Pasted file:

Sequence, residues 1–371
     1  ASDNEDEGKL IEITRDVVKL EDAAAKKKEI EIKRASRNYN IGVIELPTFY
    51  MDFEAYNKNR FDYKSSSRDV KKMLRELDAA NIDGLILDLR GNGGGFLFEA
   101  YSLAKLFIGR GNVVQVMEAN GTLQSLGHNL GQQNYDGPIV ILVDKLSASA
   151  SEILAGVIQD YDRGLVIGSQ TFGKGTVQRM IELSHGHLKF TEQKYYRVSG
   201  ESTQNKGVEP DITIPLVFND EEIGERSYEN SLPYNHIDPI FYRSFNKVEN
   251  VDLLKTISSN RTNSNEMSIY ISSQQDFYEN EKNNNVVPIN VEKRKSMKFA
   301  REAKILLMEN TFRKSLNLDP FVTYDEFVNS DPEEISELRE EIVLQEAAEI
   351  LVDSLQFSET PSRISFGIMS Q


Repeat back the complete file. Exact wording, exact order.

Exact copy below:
Sequence, residues 1–371
     1  ASDNEDEGKL IEITRDVVKL EDAAAKKKEI EIKRASRNYN IGVIELPTFY
    51  MDFEAYNKNR FDYKSSSRDV KKMLRELDAA NIDGLILDLR GNGGGFLFEA
   101  YSLAKLFIGR GNVVQVMEAN GTLQSLGHNL GQQNYDGPIV ILVDKLSASA
   151  SEILAGVIQD YDRGLVIGSQ TFGKGTVQRM IELSHGHLKF TEQKYYRVSG
   201  ESTQNKGVEP DITIPLVFND EEIGERSYEN SLPYNHIDPI FYRSFNKVEN
   251  VDLLKTISSN RTNSNEMSIY ISSQQDFYEN EKNNNVVPIN VEKRKSMKFA
   301  REAKILLMEN TFRKSLNLDP FVTYDEFVNS DPEEISELRE EIVLQEAAEI
   351  LVDSLQFSET PSRISFGIMS Q